A Word To The Future Generation of Interior Designers

1. Why did you choose a career in interior design and when did you know this was the career you wanted?

I chose it because when I was young, everywhere I went, I wanted to fix things up or make things look better than what they did.

I was constantly sketching new floor plans and designs when I was a kid. Then when I was older, I pursued my art degree because that was the closet background I could get to art history and how style has evolved.

2. What education did you have to receive and were there other certifications or licenses you needed?

I started back at the University of Utah. At the time they did not have a program to get an interior design degree specifically.

I received my Bachelors degree in Fine Art and continued into the industry by starting to flip homes in the Sugar House area with my husband. You can do all the schooling in the world, but you do have to have the eye for it.

3. What is your typical workday like – what are the day-to-day duties and main responsibilities?

I start the day with a meeting with my design team to review where we are at on our multiple projects. I prioritize based on the timeline, and what decisions and designs need my approval or work.

Also running the design business I will touch base with my CFO and marketing team to see where we are at with new project leads, and payment on completion of projects etc.

4. Do you work from home in addition to working at an office and about how many hours a week do you work?

I am able to create my own schedule where I can work from home 2-3 days out of the week where I can do design work and be around to take my kids to school and be there when they get home.

The other days I schedule at the office, I have my team schedule new client consultations, team meetings, or days to be on site for larger installations I need to oversee.

5. How did you get to the position you’re in now from an entry-level position?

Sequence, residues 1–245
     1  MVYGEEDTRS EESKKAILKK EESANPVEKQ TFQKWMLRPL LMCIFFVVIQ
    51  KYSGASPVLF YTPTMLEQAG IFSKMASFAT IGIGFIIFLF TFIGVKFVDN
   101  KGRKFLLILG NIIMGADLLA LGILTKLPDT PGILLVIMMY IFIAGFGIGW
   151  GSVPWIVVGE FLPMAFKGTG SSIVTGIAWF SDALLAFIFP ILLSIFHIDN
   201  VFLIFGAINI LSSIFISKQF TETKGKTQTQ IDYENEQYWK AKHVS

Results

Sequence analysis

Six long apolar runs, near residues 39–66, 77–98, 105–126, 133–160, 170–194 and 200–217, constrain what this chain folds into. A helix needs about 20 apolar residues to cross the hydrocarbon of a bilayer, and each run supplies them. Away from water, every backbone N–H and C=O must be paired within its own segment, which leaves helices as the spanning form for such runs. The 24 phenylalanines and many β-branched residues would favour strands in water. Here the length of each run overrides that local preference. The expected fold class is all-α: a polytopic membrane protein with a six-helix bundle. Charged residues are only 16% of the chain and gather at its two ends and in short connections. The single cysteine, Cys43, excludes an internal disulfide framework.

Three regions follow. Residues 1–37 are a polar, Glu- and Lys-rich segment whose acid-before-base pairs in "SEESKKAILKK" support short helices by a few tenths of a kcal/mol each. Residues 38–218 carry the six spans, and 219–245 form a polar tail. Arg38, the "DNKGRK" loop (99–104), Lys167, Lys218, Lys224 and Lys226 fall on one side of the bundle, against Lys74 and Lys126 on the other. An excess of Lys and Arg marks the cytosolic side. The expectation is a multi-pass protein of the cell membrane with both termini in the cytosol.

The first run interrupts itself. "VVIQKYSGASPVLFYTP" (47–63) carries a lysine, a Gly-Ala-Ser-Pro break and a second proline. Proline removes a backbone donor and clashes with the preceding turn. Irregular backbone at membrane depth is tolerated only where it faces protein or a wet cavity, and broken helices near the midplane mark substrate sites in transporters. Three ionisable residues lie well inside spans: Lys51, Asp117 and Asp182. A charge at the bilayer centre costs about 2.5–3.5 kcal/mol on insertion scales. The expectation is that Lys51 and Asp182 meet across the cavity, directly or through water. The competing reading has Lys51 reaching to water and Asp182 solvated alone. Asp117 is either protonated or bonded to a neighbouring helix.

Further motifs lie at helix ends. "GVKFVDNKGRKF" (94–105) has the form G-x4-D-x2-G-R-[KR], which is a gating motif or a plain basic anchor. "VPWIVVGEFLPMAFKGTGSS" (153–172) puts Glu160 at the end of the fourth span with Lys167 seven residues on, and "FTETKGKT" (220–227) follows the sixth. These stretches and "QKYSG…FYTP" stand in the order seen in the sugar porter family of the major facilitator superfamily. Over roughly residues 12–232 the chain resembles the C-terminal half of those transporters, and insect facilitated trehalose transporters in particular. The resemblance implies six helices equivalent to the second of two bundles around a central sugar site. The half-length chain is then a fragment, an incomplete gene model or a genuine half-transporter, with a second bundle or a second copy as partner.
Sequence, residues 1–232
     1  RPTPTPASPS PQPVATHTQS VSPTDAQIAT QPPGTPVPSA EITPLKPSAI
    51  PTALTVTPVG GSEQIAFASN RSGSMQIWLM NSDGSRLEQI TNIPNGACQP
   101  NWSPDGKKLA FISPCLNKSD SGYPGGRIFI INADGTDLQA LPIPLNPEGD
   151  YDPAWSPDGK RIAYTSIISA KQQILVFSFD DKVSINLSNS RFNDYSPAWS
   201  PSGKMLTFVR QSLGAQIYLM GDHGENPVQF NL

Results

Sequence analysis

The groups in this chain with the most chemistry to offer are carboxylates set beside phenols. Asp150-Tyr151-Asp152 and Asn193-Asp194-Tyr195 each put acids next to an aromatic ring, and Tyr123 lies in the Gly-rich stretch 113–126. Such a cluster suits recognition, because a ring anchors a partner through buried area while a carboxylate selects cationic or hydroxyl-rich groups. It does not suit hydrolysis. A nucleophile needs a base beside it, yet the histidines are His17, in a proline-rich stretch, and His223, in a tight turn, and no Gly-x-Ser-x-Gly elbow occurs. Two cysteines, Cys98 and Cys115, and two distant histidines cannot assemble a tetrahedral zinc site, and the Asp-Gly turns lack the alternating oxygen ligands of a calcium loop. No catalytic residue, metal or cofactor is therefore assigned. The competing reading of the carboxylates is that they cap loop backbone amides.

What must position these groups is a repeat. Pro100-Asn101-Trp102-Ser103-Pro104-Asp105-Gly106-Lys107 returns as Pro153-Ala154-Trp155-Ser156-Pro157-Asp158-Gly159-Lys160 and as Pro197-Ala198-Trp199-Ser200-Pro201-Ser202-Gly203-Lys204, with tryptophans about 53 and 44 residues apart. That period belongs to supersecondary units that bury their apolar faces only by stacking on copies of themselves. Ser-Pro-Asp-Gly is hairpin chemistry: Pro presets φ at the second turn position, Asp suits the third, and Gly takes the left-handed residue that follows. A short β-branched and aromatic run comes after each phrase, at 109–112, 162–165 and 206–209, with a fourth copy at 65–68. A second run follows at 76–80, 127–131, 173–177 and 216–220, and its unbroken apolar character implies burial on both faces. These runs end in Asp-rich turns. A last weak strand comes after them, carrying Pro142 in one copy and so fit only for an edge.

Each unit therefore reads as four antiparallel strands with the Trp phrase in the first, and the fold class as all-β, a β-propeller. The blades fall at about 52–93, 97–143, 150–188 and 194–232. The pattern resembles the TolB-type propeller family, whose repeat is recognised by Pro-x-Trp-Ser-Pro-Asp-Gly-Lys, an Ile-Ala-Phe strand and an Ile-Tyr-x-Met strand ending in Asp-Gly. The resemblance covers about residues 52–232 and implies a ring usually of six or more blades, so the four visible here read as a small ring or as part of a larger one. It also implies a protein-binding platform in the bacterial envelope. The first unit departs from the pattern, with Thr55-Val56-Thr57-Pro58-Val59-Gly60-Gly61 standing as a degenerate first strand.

I started free lance work alongside my husband after he received his general contractors license when we were flipping homes. I would pick out all the materials and do a lot of the work myself too.

After working exclusively for his custom home company, I branched out to pursue more of the furniture side of the business and made the investment to open my own furniture store. I’ve now run the company for 6 years bringing on a design team, and an extension of our business that also caters to staging homes as well.

6. What skills do you need to be an interior designer? What qualities are important to have?

You need to have a good sense of style and creativity. Being able to foresee new market trends. Be a good listener and be able to interpret your clients vision. From the technical side, this falls into space planning, basic math skills to calculate measurements, and calculate square footage for materials.

7. What are the advantages of being an interior designer and what is your favorite thing about your job?

My favorite thing about my job is being able to be creative, and create environments that make people happy and feel good. I like people to be inspired by their surroundings, so to give them that is rewarding.

8. Is there anything you don’t like about being an interior designer or about the industry?

I don’t like dealing with the wait time on inventory and custom pieces. The balancing act of timing based on inventory, what’s available and your completion deadline, because it can sometimes cut your plans up and you have to go back to the drawing board.

9. What would you consider to be the hardest part of this career?

The hardest part for me, is when you’re working with a client and they don’t have any vision, and being patient enough to help them through the process. This job does require a lot of patience and communication skills.

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